Tuesday, October 12, 2004

French reactions to an expanded EU that has decided not to build itself on the basis of a French social model or of France's world ambitions

Never fail to turn to the Tuesday issue of the International Herald Tribune, to check up on John Vinocur's Politicus column. This week's installment is called: French suppress rage over EU constitution. Oh, and while you read it, think of what it says about unilateralism and being the big bully who, supposedly, will not allow his allies to disagree or who will not even listen to them.
There is something seemingly preposterous in the fact that France, one of Europe's quintessential nations, is involved in a do-or-die debate about whether to ratify the European Union's new constitution. When a country so lashed to the EU's future can think of turning its back on what it helped create, reality crushes common sense. But so it is.

The issue is signing on to a European basic law that doesn't reflect France's systemic mirror of itself that much of the country, from left to right, wanted installed as the EU's constitutional template.

The heart of the matter lies in a kind of suppressed rage about coming to terms with an expanded EU that has drawn away from France, and decided, rather incontrovertibly, not to build itself on the basis of a French social model (in practice: 10 percent unemployment, high taxes, an obese state apparatus) or France's world ambitions. A scheduled December canvass within the Socialist Party on whether to say yes or a no to a constitution that obviously rejects the French model sets up a pressing problem. A shivs-out battle among politicians slashing for position to succeed Jacques Chirac in 2007 makes things edgier. And a referendum on ratifying the constitution promised by Chirac for 2005 guarantees the discomfort packed into this excruciatingly public moment — French insecurities and admissions of failure paraded on the European stage — won't go away soon.

"Objectively," wrote Eric Le Boucher in Le Monde, trying to explain where this all began, "France lost the European battle to export its social model." He argues that the French political establishment has become an anachronism for Europe in arguing for a dead-on-its-feet social program — which by my extrapolation means not only a statist ethos but protectionism, controls on competition, and obligatory high-cost welfare schemes.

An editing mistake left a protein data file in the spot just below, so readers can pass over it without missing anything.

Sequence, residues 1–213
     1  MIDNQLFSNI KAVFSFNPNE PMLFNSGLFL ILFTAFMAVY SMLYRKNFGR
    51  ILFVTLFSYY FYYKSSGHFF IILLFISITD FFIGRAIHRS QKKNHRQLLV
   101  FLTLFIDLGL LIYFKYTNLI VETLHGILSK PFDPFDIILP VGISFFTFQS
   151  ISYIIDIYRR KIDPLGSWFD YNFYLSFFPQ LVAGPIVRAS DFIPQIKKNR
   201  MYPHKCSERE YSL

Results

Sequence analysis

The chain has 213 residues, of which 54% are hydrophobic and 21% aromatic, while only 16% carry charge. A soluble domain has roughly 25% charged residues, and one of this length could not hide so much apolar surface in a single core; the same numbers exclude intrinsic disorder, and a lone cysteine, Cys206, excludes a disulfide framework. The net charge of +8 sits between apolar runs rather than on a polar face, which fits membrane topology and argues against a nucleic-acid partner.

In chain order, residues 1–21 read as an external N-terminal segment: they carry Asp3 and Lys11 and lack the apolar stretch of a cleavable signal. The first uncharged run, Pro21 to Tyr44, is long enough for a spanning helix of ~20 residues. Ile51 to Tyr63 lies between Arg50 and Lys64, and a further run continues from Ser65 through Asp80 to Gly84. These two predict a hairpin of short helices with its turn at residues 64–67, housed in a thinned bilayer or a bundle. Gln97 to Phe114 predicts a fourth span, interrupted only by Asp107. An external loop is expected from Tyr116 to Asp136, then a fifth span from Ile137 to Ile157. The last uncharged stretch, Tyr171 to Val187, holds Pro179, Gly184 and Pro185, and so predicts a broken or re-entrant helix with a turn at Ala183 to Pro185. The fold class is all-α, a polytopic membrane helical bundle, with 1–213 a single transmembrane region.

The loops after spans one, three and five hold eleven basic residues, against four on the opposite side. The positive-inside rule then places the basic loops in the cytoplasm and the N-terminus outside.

…But the trouble for France is not only that the draft constitution — the EU's 25-members must ratify it individually — is seen here as officializing a European economic and social system along the lines of Tony Blair's flutes-and-strings reorchestration of Margaret Thatcher's rough-edged policies.

The EU's 25 members also have turned from France's notions of "Europe puissance," code for a kind of activism that many in Europe have come to regard as meaning confrontation with the United States. The Bush administration's venture in Iraq may be the despair of the EU, but a France that, Brezhnev-style, told the Soviet Union's former satellites to shut up about the war before it began, and now wants to obliterate their competitive tax advantages, has won no converts.

There are additional not-always-articulated France-Europe frictions. France has never liked the EU's enlargement (too many of America's pals among the newcomers with too little allegiance to the EU's old powerbrokers). And, in spite of their professed special grasp of the Islamic world, the prospect of Turkey's entry in the EU creates shudders among the French. (Polls show between 55 and 60 percent are opposed.)

Taken together, this has meant enormous stress on the French political fabric, and it has begun to tear. …

Over all, the matchup on the issue involved two opposing insincerities:

  • A) People calling for a yes who would privately acknowledge that the constitution was symbolically burying a certain French vision of Europe.
  • B) People endorsing a no who think the EU's lack of rigor about its own laws and decrees might mean that a future constitution could be effectively disarmed the same way that France and Germany yanked the teeth (and economic constraints) out of the Security and Growth pact this year.
Bernard Kouchner, a physician and former Socialist cabinet minister, whose individuality has never been stifled by party doctrine, sees a "French syndrome" behind all this.

His definition of the abnormality: "Talking louder than everybody else, making a little bit more noise, and thinking that by yourself you constitute a majority."

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